Facebook finished its homework. In a pair of newly uploaded letters, the two Senate committees that grilled Facebook founder Mark Zuckerberg in April have published the social media giant’s written answers to their considerable body of questions.
Zuckerberg faced criticism for not answering many of the more intricate or controversial questions from members of Congress in the moment, but by playing it safe the company bought two months’ worth of time to craft its answers in perfect legalese. If you’re interested in combing through the 454 pages worth of explanations on everything from accusations of conservative censorship to Cambridge Analytica, you can dig into the documents, embedded below.
Facebook’s answers to questions from the Senate Judiciary Committee:
As U.S. President Trump preps for a historic meeting with North Korean leader Kim Jong-un, Twitter doesn’t want you to forget to tweet about it under the right hashtag.
In a choice that seems to make light of a lot of really quite serious things at once, Twitter is promoting its new #TrumpKimSummit emoji for Tuesday’s summit in Singapore.
US President @realdonaldtrump will meet North Korea Chairman Kim Jong-un on 12 June in Singapore.
Tweet with these hashtags to unlock a special #TrumpKimSummit emoji. pic.twitter.com/THa3IRlnTi
— Twitter Government (@TwitterGov) June 10, 2018
The event-specific symbol features what appears to be a high-five between a hand representing the U.S. president and one representing the North Korean dictator known for executing his politica [...]
Facebook’s hundreds of pages of follow-ups to Senators make for decidedly uninteresting reading. Give lawyers a couple of months and they will always find a way to respond non-substantively to the most penetrating questions. One section may at least help put a few rumors to rest about Facebook’s role in the 2016 presidential campaigns, though, of course, much is still left to the imagination.
Senator Kamala Harris (D-CA), whose dogged questioning managed to put Mark Zuckerberg on his back foot during the questioning, had several pages of questions sent over afterwards. Among the many topics was that of the 2016 campaign and reports that Facebook employees were “embedded” in the Trump campaign specifically, as claimed by the person who ran the digital side of that c [...]
Welcome to this week’s edition of the Social Media Marketing Talk Show, a news show for marketers who want to stay on the leading edge of social media. On this week’s Social Media Marketing Talk Show, we explore Instagram shoppable tags in Stories with Jeff Sieh, Facebook ads updates, Twitter news features with Madalyn Sklar, [...]
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If you’re already resentful of online dating culture and how it turned finding companionship into a game, you may not be quite ready for this: Crown, a new dating app that actually turns getting matches into a game. Crown is the latest project to launch from Match Group, the operator of a number of dating sites and apps including Match, Tinder, Plenty of Fish, OK Cupid, and others.
The app was thought up by Match Product Manager Patricia Parker, who understands first-hand both the challenges and the benefits of online dating – Parker met her husband online, so has direct experience in the world of online dating.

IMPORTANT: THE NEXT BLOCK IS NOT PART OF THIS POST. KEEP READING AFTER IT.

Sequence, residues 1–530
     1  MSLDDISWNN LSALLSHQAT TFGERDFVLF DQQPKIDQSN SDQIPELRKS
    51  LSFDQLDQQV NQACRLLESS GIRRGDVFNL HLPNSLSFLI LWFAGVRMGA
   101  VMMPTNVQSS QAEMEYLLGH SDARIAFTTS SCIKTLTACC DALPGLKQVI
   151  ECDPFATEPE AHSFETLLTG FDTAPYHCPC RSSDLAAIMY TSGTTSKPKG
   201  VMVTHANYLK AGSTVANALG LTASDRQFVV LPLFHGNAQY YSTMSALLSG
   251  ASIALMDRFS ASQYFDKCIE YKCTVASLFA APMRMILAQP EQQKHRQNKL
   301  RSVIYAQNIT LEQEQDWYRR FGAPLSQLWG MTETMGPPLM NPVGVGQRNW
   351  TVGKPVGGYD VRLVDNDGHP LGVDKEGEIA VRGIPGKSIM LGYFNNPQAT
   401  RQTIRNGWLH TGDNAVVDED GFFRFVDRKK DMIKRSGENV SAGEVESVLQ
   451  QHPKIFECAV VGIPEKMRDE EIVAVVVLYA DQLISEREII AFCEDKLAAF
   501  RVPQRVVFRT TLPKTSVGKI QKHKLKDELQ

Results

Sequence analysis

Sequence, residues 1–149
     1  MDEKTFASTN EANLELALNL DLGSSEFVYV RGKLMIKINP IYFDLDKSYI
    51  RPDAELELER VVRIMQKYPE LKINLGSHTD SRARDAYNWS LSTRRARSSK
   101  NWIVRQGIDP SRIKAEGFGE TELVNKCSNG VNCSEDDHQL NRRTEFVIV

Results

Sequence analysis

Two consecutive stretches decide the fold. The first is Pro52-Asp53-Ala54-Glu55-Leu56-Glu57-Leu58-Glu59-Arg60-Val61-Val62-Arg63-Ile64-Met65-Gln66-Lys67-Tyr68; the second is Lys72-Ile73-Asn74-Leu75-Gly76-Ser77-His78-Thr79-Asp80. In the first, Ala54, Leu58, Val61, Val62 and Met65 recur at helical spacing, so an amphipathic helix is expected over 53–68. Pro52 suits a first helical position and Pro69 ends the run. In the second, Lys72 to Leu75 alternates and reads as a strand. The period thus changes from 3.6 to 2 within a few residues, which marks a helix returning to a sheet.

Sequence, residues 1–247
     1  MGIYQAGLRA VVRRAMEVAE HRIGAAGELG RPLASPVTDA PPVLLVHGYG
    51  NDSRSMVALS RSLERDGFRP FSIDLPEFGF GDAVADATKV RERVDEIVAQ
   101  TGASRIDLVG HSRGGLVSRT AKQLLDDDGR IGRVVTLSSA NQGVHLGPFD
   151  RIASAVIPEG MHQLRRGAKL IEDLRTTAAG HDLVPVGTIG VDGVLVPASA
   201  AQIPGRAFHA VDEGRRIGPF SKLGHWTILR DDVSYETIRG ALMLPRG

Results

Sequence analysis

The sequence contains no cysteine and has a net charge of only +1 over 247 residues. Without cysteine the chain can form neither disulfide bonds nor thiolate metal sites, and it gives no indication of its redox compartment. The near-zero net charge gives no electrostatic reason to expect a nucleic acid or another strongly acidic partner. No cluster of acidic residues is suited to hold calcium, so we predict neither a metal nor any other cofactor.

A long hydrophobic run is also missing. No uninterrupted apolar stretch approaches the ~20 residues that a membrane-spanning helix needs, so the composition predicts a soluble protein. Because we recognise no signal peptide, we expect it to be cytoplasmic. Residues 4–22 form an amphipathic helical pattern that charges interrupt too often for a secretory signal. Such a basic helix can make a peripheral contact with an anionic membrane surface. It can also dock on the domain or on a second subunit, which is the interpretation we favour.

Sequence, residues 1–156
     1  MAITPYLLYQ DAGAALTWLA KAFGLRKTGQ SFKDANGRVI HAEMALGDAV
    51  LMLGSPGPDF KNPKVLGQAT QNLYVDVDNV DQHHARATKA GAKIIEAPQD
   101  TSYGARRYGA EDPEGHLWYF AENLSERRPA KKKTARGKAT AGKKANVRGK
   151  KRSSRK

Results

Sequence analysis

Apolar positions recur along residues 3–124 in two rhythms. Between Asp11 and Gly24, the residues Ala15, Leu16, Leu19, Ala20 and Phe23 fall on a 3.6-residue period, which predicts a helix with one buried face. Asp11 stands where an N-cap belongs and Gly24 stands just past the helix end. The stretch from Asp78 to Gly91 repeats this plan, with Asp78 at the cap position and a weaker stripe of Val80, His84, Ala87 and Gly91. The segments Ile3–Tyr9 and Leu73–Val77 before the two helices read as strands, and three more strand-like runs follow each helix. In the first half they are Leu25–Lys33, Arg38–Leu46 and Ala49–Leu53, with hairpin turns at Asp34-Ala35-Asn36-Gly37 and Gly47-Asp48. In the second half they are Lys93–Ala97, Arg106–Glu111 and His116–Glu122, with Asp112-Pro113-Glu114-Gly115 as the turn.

Crown won Match Group’s internal “ideathon,” and was then developed in-house by a team of millennial women, with a goal of serving women’s needs [...]
Want longer video views on Facebook? Wondering how the Facebook suggested video feed can help? To explore a creative way Facebook ads can improve your video views, I interview Paul Ramondo. More About This Show The Social Media Marketing podcast is an on-demand talk radio show from Social Media Examiner. It’s designed to help busy [...]
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Facebook is hoping to avoid another privacy scandal by adding new accountability and transparency requirements for businesses that use its Custom Audiences too to target you with ads based on your email address or phone number. Starting July 2nd, advertisers will have to declare whether contact info uploaded for ad targeting was collected with proper user consent by them, one of their partners or both. Users will be able to see this info if they opt to block future ads from that business.
Companies can only share Custom Audiences info with partners like ad agencies if they’re formally connected through Facebook’s business manager tool. And Facebook will start to show advertisers reminders that they need consent for contact info ad targeting and force all users connected to an [...]
A prominent figure that helped shape Facebook public perception over the course of the last decade is on the way out. In a Facebook post today, Elliot Schrage, vice president of communications and public policy, announced his departure.
Schrage joined the company in 2008 after leaving his position in the same role at Google. He had come under fire over the last year at Facebook for his influence in shaping Facebook’s highly criticized public reaction to a series of scandals that began with the platform’s policies during the 2016 U.S. presidential election. In response to questions about Facebook’s potential unwitting role in influencing the outcome of the election, Mark Zuckerberg famously dismissed such concerns as a “pretty crazy idea.”
via Facebook/Elliot [...]